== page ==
Marching outside the Morrill Hall regents meeting, Buck Samuelson, freshman alcohol-studies major, protested with a sandwich-board that read: “I want Spirits.”
He was confused.
Samuelson said he thought regents were voting on a one-year exemption for free beer in student housing, not ghostbusting.
Regents ignored Samuelson and slipped out the side door after the meeting. They waited in Yudof’s office until nightfall rather than address media questions.
Hoping to outwit the throng of reporters, Maureen Reed, regent vice chairwoman, snuck out a side door only to find herself confronted by spirited protesters practicing netting methods in the stairwell.
After a round of protester questions, Reed defended the University decision because it conflicted with Minnesota Nice, one of the University’s new initiatives.
“This Why-too-kay thing is scary,” Reed said. “And scary things are not nice.”
Gov. Jesse Ventura refused to comment on the University’s decision, citing the University’s autonomy in its decision-making.
But then he did comment.
“Students need to take personal responsibility for their lives,” Ventura said. “If that is what these 13 students see as best, then that is what they should do. But they better be prepared to accept the consequences of their actions.” Ventura later said he was misquoted.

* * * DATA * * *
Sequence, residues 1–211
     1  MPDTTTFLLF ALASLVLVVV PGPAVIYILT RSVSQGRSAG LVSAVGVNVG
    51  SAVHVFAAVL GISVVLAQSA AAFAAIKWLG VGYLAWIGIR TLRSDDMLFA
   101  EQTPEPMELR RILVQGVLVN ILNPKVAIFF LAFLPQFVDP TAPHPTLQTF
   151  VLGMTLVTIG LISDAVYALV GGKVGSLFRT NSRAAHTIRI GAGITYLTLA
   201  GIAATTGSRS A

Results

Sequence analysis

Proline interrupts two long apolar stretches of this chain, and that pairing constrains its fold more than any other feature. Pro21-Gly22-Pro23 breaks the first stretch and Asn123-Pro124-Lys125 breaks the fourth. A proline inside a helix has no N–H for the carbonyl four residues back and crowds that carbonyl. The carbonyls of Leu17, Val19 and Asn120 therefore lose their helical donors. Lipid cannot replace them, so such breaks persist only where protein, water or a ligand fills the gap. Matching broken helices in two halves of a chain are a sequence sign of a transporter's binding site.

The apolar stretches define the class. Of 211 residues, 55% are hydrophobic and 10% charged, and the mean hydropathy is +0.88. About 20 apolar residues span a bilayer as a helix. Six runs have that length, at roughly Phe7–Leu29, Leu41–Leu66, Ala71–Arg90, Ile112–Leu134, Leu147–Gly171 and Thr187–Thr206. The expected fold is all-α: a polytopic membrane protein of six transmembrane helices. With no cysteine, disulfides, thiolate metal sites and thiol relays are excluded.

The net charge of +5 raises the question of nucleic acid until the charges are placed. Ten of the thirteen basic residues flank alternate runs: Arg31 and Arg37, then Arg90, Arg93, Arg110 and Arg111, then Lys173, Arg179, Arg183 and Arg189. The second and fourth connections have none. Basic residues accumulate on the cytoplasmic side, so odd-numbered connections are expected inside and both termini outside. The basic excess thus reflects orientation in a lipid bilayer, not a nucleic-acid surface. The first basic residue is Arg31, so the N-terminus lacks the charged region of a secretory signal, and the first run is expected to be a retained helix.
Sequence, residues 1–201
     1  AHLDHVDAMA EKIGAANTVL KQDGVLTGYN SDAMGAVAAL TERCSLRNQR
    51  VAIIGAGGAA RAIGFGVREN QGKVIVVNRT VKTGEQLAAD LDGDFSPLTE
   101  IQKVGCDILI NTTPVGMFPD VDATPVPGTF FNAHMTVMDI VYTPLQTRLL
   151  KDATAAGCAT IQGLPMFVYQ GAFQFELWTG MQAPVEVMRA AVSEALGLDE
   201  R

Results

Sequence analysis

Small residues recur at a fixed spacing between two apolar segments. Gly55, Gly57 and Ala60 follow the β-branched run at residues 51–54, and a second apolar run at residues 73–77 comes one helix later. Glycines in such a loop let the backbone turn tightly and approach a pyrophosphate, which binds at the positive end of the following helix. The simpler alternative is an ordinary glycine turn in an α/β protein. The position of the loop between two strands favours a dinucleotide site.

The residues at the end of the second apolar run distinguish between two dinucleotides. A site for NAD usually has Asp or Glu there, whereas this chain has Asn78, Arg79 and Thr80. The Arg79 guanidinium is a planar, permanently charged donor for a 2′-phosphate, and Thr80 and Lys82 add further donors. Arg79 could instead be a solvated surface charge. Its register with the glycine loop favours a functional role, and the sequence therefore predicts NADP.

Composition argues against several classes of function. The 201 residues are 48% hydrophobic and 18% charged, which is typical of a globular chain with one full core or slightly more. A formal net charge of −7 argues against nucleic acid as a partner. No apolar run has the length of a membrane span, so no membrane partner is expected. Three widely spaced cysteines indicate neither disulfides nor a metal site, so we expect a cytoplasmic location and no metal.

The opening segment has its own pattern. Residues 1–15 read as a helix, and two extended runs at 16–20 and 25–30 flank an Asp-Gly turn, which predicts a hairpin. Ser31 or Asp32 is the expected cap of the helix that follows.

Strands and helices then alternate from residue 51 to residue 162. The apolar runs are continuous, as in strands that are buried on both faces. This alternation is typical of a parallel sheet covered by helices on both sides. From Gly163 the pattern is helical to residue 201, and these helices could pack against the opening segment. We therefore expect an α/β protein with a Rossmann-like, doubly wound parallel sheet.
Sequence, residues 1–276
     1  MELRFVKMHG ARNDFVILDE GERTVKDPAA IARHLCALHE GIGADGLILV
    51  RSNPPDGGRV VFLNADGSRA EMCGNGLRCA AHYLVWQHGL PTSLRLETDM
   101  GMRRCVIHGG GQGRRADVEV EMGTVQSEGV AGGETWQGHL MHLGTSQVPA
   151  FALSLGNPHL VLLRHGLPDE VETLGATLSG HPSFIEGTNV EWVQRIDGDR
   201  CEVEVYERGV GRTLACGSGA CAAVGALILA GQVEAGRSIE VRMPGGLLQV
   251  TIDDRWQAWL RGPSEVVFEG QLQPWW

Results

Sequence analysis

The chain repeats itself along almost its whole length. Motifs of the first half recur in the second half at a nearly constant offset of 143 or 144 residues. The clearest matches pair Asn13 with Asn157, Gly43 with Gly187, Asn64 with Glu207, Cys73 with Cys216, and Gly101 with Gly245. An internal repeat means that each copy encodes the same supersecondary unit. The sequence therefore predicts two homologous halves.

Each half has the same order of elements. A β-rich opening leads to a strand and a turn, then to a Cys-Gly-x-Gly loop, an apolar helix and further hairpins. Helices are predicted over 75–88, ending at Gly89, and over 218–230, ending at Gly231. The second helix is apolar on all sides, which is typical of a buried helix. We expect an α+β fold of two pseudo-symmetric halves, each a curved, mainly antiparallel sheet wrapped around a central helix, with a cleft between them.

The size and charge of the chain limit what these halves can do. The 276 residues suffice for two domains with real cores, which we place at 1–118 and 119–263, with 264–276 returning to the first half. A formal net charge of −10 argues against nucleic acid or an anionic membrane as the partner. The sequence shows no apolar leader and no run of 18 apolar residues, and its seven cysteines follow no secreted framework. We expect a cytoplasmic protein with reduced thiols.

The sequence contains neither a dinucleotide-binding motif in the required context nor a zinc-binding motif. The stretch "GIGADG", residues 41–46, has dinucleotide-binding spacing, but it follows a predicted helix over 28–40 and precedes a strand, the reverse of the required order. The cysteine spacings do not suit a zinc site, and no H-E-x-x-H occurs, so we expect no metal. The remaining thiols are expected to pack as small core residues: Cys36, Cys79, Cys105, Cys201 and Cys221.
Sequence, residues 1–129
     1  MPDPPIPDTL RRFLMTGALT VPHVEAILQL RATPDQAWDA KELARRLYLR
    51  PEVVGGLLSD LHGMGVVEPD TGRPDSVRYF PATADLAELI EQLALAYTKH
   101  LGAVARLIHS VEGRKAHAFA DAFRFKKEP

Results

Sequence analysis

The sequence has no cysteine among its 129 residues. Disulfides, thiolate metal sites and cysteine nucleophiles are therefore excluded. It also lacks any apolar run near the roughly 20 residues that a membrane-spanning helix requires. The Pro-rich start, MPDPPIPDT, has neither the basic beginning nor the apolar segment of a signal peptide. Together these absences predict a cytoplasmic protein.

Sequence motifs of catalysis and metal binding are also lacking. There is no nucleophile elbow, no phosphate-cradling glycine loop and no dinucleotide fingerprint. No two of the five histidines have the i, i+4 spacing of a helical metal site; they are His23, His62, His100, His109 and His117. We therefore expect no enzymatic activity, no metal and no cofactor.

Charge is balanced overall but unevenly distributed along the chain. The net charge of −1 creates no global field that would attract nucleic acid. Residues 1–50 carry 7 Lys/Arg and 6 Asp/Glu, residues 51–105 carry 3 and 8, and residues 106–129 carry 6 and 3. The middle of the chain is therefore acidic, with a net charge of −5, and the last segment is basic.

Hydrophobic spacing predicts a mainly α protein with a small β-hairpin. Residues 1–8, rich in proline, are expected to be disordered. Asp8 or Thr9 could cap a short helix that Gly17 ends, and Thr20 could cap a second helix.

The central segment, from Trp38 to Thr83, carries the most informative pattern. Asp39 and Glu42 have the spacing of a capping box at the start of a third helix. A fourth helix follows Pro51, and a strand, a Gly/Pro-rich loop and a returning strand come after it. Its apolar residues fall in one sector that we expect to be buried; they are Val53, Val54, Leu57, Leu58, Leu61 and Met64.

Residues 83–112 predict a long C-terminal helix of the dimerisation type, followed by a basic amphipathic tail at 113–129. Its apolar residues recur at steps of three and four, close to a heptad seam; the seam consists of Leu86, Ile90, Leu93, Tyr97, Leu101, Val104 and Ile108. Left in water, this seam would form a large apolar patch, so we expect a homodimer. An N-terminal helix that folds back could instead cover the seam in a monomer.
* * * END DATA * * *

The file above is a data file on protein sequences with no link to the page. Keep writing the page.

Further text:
Former Gov. Arne Carlson wasn’t asked, but weighed in on the issue, anyway, saying he supports the measure and added he is a scaredy cat himself when it comes to ghosts.
“The protesters are seriously jeopardizing their safety and the safety of others on campus,” said Billy Stick, one of the legion of University Police officers who plan to cut the students from their airborne lofts.
“This spirit thing is real,” Stick said. “It is the end of campus as we know it, and we must act rationally and responsibly.
“Cut the trees; fill the river; burn the buildings,” he said. “We must flatten everything and destroy anything that could be fodder for the demon spirit.”
Officials from the Changeover Year Department supported the University’s decision despite contradictory evidence.
Norm Standard, the department’s annual-ethicist specialist, said statistically speaking, the protesters are correct in their analysis of the year-end situation.
However, given the numbers supporting the hysteria, Standard said that the majority-rules ethical standard applies and agreed with Yudof’s assessment of the situation.
“You really must go with what everyone else says and does,” Standard said. “Otherwise, it makes people question things, which would be way too uncomfortable at a university as large and as public as the U.”
But protesters said the norm is not always the best way to go, so they will hang high in protest.
“It is a matter of free speech, religion and spirits,” said Bettie Rulebreaker.
“They should be careful. This is the University and sacred land and all,” Rulebreaker said. “Years from now, they will look back and see what they have lost and regret their decisions.”

At the year’s end, Critical Voice can be found on a faraway island espousing her own lofty idealism to anyone who will listen.